Large scale language model
Caution! This tutorial is out of date. We recommend using KenLM as it is free software unlike SRILM. It is also faster.
Building a large scale language model for domain-specific transcription
Language model describes the probabilities of the sequences of words in the text and is required for speech recognition. Generic models are very large (several gigabytes and thus impractical). Most recognition systems have models tuned to the specific domain. For example, medical language model describes medical dictation. If you are looking for your domain you most likely will have to build the language model for that domain yourself. You can mix that specific domain with generic domain to get some fallback, but specific domain is still needed. Generic language models are created from large texts.
The language modeling toolkit is http://www.speech.sri.com/projects/srilm, it contains most tools for language modeling. In modern systems there is a lot of success with neural-network based RNNLM language models. Those are supported in rnnlm toolkit.
The first step of language model building is a collection of the data. The amount of data you need depends on the domain and vocabulary. Usually for a good model you need a significant amount of texts - at least 100mb. You can get this text by transcribing existing recordings, collecting data from the web, generating it artificially with scripts. The most valuable data is a real-life data anyway.
Once data is collected it must be cleaned - punctuation removed, sentences split on lines, numbers expanded to text representation. This can be done with scripting language
In machine learning it is practical to control the quality of the model you build. For that you need to separate test set from training set and use test set for evaluation. The practical split is 1 to 10.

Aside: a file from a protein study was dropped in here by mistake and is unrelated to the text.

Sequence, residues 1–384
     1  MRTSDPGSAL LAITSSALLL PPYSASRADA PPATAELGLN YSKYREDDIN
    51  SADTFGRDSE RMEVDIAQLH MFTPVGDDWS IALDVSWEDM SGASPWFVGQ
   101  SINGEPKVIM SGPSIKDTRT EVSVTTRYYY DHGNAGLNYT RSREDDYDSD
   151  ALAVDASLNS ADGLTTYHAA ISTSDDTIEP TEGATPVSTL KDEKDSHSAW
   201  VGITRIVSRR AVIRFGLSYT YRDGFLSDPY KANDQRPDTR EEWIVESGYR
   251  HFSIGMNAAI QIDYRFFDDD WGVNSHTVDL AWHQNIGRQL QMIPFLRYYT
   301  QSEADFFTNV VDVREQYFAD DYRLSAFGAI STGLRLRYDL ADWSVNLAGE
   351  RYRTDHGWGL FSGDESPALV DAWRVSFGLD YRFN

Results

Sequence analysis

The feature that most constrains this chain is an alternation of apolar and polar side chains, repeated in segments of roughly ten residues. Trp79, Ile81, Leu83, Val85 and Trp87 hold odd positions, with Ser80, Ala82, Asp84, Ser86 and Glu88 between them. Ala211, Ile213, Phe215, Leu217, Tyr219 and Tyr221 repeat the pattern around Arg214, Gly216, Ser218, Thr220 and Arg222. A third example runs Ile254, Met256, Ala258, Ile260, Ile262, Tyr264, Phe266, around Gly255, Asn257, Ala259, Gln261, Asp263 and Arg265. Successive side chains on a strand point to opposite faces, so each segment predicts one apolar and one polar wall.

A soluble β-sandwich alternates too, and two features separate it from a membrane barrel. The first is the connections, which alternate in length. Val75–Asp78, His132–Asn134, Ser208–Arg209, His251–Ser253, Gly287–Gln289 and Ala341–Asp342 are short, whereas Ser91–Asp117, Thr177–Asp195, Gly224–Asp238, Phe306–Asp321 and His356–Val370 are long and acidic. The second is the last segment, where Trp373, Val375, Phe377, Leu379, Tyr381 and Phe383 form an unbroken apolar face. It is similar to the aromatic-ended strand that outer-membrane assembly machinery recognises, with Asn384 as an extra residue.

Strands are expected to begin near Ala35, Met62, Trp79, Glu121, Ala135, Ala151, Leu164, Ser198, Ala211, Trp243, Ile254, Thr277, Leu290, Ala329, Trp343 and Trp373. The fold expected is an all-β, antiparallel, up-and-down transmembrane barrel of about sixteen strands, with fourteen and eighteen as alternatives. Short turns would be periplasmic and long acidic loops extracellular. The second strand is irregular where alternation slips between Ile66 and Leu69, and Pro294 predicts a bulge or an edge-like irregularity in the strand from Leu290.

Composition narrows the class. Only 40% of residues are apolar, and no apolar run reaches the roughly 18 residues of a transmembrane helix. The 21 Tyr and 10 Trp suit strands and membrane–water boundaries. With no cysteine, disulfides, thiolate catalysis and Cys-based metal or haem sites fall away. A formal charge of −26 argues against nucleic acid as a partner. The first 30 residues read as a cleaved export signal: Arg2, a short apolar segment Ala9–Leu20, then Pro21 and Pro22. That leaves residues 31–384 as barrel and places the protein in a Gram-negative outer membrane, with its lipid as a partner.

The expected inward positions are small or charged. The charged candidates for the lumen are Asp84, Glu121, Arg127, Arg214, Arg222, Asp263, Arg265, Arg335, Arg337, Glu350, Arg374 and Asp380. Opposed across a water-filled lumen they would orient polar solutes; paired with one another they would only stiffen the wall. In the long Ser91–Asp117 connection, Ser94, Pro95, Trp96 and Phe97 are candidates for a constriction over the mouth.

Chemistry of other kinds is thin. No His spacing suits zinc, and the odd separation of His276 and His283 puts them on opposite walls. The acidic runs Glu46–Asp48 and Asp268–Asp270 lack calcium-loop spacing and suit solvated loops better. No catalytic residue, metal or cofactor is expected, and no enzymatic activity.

The metric to use for evaluation is called perplexity. It controls the quality of the language model. The smaller perplexity is, the smaller is WER. You can calculate perplexity with SRILM:
ngram -lm your.lm -ppl test.txt
Most other toolkits can also calculate perplexity.
Another parameter is OOV rate. SRILM also prints that with -ppl option. The OOV rate should not be large, the WER because of OOV is usually double the OOV rate. For example if you have 3% OOV rate you add extra 6% to WER. So you need to try to minimize OOV rate by extending your training set.
Initial model estimation
Language model can be estimated with different parameters. The parameters depend on a task and require some understanding for underlying algorithms. For example, for book-like texts you need to use Knesser-Ney discounting. For command-like texts you should use Witten-Bell discounting or Absolute discounting. You can try different methods and see which gives better perplexity on a test set.
The command is
ngram-count -kndiscount -text text.txt -lm text.lm
Language model interpolation with generic model
To improve language model coverage you can mix LM with generic LM created from WEB texts. There are few of them:
Language model from Cantab Research trained on gigaword corpus
To perform the mix you need to estimate mixture parameters. For that you can evaluate model on test set:
ngram -lm your.lm -ppl test.txt -debug 2 > your.ppl ngram -lm generic.lm -ppl test.txt -debug 2 > generic.ppl compute-best-mix your.ppl generic.ppl ngram -lm your.lm -mix-lm generic.lm -lambda `<factor from above>` -write-lm mixed.lm
The mixed LM usually has slightly better perplexity than specific LM.
Language model pruning
Most language models are large and it is impractical to use them in decoder. For example, you can not pack 1Gb LM into WFST decoder. For that reason you can prune them to reduce their size:
ngram -lm mixed.lm -prune 1e-8 -write-lm mixed_pruned.lm
You can try different factors to get right model size. Usually model must be within 30mb. You perform decoding with pruned model instead of full model.
To compensate reduction of accuracy due to pruning you still can use original model in lattice rescoring mode to get the best accuracy. Most decoders can dump lattices and lattices can be rescoring with very large models.
You can also use RNNLM in rescoring model to rescore n-best lists to get the best accuracy.
You might need to extend the dictionary with the words from the language model because they might be missing. You can use G2P tool like phonetisaurus for that, however, remember that such tools are usually inaccurate. For that reason it is recommended to manually review G2P output and correct it if needed.